The videos are spoken in a funny mix of Russian and English, and focus on the humor only truly understood by the bilingual, bicultural children of immigrants.

“At some point we were thinking of incorporating subtitles but we decided against it because humor is very [language-specific]; a lot is lost in translation,” Beylison said.

The ongoing adventures of Baba Fira

Gary Cherkassky's Instagram page, home of the famous 'Baba Fira.' (Julie Masis/Times of Israel)
Gary Cherkassky’s Instagram page, home of the famous ‘Baba Fira.’ (Julie Masis/Times of Israel)

 

Perhaps garnering the most attention is Gary Cherkassky, a 28-year-old New Yorker whose parents immigrated from Ukraine when he was less than two years old. He became an internet sensation with Baba Fira, a character based on his 80-year-old grandmother. Consider her the archetype for all Russian-Jewish grandmothers.

‘We were thinking of incorporating subtitles but we decided against it because a lot is lost in translation’

Cherkassky (a.k.a. Garik Suharik, a.k.a. Gary Spielberg) dresses up in oversized glasses and a grey wig, acting out conversations he actually had with his grandma.

In the videos, Baba Fira has all kinds of adventures — she travels to Israel to pray at the Western Wall for her grandson to lose weight and find himself a girlfriend. She drinks vodka out of chocolate cookie shot glasses; she almost has a heart attack when her grandson says he wants to be an actor (and not a doctor or lawyer). But mostly she just tries to feed him.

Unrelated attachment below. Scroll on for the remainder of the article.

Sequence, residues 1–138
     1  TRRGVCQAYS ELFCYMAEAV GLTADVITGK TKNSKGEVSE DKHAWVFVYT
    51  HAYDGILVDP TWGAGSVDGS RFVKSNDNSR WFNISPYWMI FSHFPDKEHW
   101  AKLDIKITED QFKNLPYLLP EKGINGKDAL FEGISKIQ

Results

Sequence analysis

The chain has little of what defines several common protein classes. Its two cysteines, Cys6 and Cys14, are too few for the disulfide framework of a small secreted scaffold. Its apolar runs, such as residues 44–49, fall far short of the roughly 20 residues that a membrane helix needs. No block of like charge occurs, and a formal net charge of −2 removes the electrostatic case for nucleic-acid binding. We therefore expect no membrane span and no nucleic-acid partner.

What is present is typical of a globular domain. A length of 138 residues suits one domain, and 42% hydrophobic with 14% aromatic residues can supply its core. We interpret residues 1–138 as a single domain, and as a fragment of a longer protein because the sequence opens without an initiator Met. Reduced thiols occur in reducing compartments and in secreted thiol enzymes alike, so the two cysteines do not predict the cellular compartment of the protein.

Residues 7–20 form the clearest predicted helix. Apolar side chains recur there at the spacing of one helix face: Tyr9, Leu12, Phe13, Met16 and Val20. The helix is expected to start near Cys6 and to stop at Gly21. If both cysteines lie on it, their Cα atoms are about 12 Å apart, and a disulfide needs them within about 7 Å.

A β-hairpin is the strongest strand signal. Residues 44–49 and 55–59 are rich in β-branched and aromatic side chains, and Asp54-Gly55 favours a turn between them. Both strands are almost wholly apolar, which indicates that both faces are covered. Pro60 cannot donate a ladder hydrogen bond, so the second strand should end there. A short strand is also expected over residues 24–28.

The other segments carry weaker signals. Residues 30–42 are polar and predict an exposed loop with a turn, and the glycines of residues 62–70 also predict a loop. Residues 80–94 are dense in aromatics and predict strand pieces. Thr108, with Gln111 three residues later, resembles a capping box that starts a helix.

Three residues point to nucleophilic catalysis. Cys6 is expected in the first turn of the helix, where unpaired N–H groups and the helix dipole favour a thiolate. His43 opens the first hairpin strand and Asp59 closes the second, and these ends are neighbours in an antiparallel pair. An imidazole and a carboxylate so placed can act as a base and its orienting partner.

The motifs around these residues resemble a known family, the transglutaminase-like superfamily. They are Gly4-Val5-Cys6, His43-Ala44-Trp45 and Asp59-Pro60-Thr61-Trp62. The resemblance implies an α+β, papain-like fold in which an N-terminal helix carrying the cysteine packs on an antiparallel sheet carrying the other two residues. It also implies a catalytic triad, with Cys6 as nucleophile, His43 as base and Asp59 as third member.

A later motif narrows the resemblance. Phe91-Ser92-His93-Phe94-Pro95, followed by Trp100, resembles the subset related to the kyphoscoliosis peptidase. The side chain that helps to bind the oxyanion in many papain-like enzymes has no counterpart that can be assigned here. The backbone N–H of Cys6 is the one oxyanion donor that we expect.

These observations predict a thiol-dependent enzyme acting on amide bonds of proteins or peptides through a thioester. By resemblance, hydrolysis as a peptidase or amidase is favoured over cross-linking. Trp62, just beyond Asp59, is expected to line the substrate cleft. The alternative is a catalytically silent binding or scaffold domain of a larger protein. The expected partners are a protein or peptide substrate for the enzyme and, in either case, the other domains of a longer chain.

Other than his grandmother, Cherkassky also satirizes conversations with his parents and a young female character named Yana. For her part, his mother, Alona Guz, said her son’s success with Russian comedy videos proves that she was right when she encouraged her son to speak Russian at home.

“At one point, he didn’t want to speak Russian, but now it’s his life credo. It’s all from the Russian language,” she said. “I think every family should keep their culture. It’s very important.”

The Russian-Jewish babushka (grandmother), the senior member in most Russian-speaking families, is also going to be the star of Beylison’s upcoming video skit, he said. He said the video will focus on grandma forcing food on her grandson.

‘The Russian grandma is always making you food. If you don’t eat it, you’re disrespectful. After you eat it, then you are fat’

“The Russian grandma is always making you food. If you don’t eat it, you’re disrespectful. After you eat it, you’re fat,” he said. (This reporter can definitely identify.)

The Russian funsters may not necessarily be religiously observant, but the Star of David on the Soviet flag is “the perfect symbol,” said Beylison, since the Russian language unites Jews the world over “even [if] they didn’t come from Russia proper.”

Also, Beylison just likes the joke.

“It’s two things that are never seen together. Communism as an ideology is not religious. These two symbols never go together. That’s why it’s ironic,” he explained.

“For a long time, we thought about changing it but we couldn’t think of anything that would be as universal,” said Beylison. “You see it and you know what kind of humor will be on the page.”